Given that PSD2 is designed to facilitate safe/secure access to electronic payments systems which provide for instantaneous payments, it seems contradictory for the EBA to introduce a register which can only be accessed manually. The EBA’s approach would also risk unnecessary interruption and delay to payments as manual checks to establish AISP/PISP registration would need to be carried out.

In light of the benefits of electronic functionality it would be helpful to understand in greater detail the reasons why the EBA believes that building up the search functionality would be too expensive to mandate. As things stand it would seem that concerns around cost/delivery could be mitigated if the EBA and NCAs pool resources with the payment industry as suggested in Question 1 to introduce a common end to end system which creates:

§ A standardised and real time approach to adding/removing TPP’s;
§ A unique but standardised format for a registration number;
§ A common system as opposed to the fragmentation which will be caused by 28 countries developing stand-alone systems; and
§ A degree of certainty for those firms relying on the register to combat fraud and other financial crime.

In addition, we would ask that EBA considers the employment of the market driven functionalities (as we suggest in our response to Question 1). If a machine readable solution could not be implemented on time, as an interim solution the EBA could consider a semi-automated approach that would allow regular download of data via a file-based-download (ftp’-access). We recognise that the EBA does intend to allow the download of data, however we would like to note that it is unclear if such download is required for entire register or only in part.

As a minimum requirement, we suggest that the EBA should provide for the ability to download the data from EBA register into the csv (comma separated values) file format in order to be relied on by the banks for their checks of TPPs. This will allow the banks to initiate regular scheduled requests to automatically download all of the EBA register (and its updates), and/or each individual home member register; create a local copy of the register to verify and validate the TPP.
We believe that current non-functional requirements are high level and would benefit from further clarification. As we mentioned in the response to Question 1 above, it is of utmost importance that the EBA Register is updated simultaneously when the updates are made in the local registers.

We believe that the review of the non-functional requirements should be carried out on a quarterly basis.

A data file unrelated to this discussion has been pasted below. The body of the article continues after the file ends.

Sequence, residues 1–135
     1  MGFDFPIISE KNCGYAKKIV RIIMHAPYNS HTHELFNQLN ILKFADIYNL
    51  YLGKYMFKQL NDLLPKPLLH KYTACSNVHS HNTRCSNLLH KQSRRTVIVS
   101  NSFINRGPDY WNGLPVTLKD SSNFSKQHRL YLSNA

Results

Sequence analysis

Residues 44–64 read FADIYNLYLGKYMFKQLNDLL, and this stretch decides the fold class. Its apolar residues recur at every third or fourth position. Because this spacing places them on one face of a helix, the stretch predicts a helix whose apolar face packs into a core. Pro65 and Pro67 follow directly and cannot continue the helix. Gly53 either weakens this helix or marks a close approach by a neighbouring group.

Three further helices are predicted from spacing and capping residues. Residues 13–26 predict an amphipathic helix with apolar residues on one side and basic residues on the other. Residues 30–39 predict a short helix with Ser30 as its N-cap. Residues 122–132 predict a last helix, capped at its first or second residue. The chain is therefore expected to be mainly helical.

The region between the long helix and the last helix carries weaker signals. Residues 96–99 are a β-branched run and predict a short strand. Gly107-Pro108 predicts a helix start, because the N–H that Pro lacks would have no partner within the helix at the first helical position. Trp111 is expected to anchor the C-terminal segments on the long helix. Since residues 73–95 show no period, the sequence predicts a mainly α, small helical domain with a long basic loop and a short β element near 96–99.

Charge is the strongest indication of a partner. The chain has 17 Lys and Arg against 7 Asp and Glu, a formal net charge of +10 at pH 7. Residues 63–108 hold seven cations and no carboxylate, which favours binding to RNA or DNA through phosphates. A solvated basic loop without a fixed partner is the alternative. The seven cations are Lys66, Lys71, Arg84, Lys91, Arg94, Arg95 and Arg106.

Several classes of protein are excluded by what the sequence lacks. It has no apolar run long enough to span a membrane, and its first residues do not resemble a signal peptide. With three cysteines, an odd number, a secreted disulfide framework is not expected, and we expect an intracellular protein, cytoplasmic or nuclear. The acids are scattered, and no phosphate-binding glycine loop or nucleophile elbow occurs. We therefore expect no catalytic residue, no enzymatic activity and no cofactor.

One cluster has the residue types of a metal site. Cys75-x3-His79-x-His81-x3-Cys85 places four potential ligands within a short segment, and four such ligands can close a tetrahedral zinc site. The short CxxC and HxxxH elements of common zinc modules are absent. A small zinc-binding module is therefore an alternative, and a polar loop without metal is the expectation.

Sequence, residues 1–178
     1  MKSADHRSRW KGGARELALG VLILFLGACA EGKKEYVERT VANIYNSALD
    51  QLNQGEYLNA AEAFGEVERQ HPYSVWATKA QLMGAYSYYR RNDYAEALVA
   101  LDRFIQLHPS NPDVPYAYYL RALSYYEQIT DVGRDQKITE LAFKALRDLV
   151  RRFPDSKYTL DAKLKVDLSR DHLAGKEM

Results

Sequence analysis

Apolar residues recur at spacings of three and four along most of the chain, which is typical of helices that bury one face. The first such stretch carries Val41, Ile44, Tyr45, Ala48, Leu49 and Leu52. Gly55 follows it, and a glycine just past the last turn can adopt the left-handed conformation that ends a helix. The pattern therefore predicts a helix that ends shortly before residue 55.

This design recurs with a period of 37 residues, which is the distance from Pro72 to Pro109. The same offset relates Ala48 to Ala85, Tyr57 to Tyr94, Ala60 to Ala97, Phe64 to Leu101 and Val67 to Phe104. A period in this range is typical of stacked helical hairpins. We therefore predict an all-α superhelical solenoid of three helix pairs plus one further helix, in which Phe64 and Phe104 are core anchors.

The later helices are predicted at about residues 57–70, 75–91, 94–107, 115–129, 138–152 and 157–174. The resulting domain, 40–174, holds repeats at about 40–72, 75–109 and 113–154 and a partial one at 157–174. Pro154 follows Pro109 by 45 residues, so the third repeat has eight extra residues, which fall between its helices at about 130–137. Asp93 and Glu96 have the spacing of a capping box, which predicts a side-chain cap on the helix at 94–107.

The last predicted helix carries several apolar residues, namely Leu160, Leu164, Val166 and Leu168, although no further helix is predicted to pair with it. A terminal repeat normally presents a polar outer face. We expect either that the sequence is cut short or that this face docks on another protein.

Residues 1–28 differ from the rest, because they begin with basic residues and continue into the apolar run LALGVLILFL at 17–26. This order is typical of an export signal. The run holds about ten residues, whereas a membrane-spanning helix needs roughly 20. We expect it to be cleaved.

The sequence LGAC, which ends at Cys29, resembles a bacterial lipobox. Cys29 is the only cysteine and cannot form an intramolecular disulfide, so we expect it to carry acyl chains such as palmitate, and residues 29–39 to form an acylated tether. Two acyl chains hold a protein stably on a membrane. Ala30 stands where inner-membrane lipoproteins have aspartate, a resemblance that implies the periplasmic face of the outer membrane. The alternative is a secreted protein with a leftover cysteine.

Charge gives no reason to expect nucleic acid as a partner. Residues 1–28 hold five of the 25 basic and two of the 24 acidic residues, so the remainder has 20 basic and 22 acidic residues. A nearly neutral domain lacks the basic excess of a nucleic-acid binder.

The absence of TPPs in the EBA register might be confusing for consumers and therefore, we believe that for the user’s convenience, it would be important to develop one single register that would incorporate credit institutions as well. This would allow for more transparency and would simplify the search of TPPs, as well as supporting the verification process of ASPSPs as defined by Articles 65, 66 and 67 of PSD2.
We support the EBA’s approach.
We believe that it would be important that the register does contain additional details on TPPs, including official contact details of the TPPs (e.g. the details of contact person for handling dispute cases). This would be especially important in case a TPPs needs to be contacted for dispute resolution purposes. Given the immediate reimbursement of clients by APSPs in case of issues with payments, such information would allow for direct connection with the TPPs to clarify any issues and resolve disputes. We also think that it would be useful for the EBA register to include information on the markets in which TPPs are passported to provide their services.

In addition information relating to the revocation or suspension of the eIDAS certificates should be reflected in the EBA register. This would improve the security for consumers and increase the reliability of the register.
We agree with EBA’s approach.
Generally, we agree with the EBA's approach, but we trust that the information on the agents who do not provide the full range of services and the reasons for their limitation/exclusion – should be added to the EBA Register as well.
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Abbie Booker
02075454472